The RMM Explained
Risk Management Benchmarking and Progress
The Risk Maturity Model (RMM) outlines key indicators and activities that comprise a sustainable, repeatable and mature enterprise risk management (ERM) program. Taking the risk maturity self-assessment, organizations benchmark how in line their current risk management practices are with the RMM indicators. Once completed, each organization is provided with a maturity score for their program, starting at the earliest stage and lowest risk maturity level, Ad-Hoc (Level 1), and progressing to the most advanced, risk maturity level, Leadership (Level 5). The following will outline each component of the RMM’s risk maturity assessment, how each gets scored, and the results of taking the assessment.
The Risk Maturity Model (RMM) identifies seven key attributes for effective enterprise risk management. These attributes cover the planning and governance of an ERM program, as well as the execution of assessments, and aggregation and analysis of risk information.
The seven attributes, or components of a best practice ERM program, are as follows:
Competency Drivers & Indicators
Each attribute includes a set of competency drivers which outline the key readiness indicators (or activities) involved in achieving each driver. These driver/indicator pairs cover the entire risk management process including administration, outreach, data collection and aggregation, and analysis of risk information. Below is a sample of the 25 competency drivers and indicator pairings which comprise the RMM’s risk maturity assessment:
Executive ERM Support
- Are risk priorities and progress reported to the board of directors or senior leadership?
- Are risk assessments required for new initiatives (i.e. projects, operational changes, vendor on-boarding, etc.)?
- Is risk management education and comprehension considered in employee performance reviews?
- Is there a standardized process or classification model for identifying risk?
- Do business areas identify organizational goals and track progress towards achievement?
- Are risks identified by root-cause or their source?
Business Process Definition and Risk Ownership
- Do business areas identify process-related risks?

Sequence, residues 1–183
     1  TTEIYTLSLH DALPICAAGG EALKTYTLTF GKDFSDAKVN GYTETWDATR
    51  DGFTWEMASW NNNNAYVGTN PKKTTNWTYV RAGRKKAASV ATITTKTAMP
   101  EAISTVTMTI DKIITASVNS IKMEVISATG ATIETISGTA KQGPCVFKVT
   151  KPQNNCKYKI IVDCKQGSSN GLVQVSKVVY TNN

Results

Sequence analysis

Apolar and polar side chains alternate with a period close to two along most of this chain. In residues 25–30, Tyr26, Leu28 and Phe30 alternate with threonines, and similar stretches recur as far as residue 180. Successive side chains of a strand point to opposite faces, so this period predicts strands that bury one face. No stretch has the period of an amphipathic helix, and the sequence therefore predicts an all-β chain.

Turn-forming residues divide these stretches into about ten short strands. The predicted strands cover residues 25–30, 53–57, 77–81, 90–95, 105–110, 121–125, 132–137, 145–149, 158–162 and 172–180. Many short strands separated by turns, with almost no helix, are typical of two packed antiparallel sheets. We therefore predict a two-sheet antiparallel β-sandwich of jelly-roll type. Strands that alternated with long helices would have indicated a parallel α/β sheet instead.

- Do process owners manage their risks, threats, and opportunities within regular planning and strategizing?
- Are all risks, threats and opportunities communicated and acted upon in a timely manner?
All competency drivers are scored on a scale of 1-10 for each of the three following assessment dimensions:
Once completed, a maturity score is provided for each driver as well as an overall maturity score for the entire risk management program. Scoring is based on a 5-level scale, with Level 1 indicating the lowest risk maturity and a Level 5 representing the highest maturity. With a maturity score for each factor, organizations can prioritize time and resources on improving the weakest areas of their risk management process while retaining the strongest practices.
Based on proven best practice activities, organizations who implement the RMM indicators, are able to create and experience the benefit of effective risk management. Aiding organizations in bridging the gaps and maturing their risk management programs, LogicManager provides a number of resources and methods of assistance.
How to Take the RMM Risk Maturity Assessment
Typically, organizations take two routes when completing the RMM’s risk management maturity assessment: Either a single individual completes the assessment on behalf of the ERM program (someone central to the risk management program and practices), or several individuals take the assessment and aggregate the scores from multiple assessors involved in different areas of the ERM program.
There are two versions of the RMM: the standard version is designed to be taken by a leader in the organization who’s looking to get an overall sense of their ERM maturity. The second version, the RMM for the Frontline, is designed to be taken by employees directly carrying out the day-to-day operations and processes that power the organization. The difference between the standard RMM and the RMM for the Frontline is the competency drivers (the former will be asked questions about more high-level enterprise concerns, while the latter will examine areas they’re more closely related to). While one method may be better suited than the other depending on each ERM program’s structure, both produce meaningful maturity scores and reports to leverage when improving an ERM program.
To take the free, online RMM assessment, visit this link! Once completed, the assessment provides a personalized report of your scores including a comparison between your report and the success factor guidelines. This helps you identify and prioritize gaps, as well as develop an action plan to advance your risk management program. The assessment requires no prior experience, takes about 30 minutes to complete and is completed through an online, easy-to-use assessment wizard. Click here to take the RMM assessment!
If you have any questions about the RMM assessment or would like to set up a meeting to discuss your results, please email firstname.lastname@example.org.
- For more information on the Risk Maturity Model (RMM) visit the RMM Resource Center.
- For further guidance on effective enterprise risk management practices, visit the complimentary ERM Resource & Knowledge Center.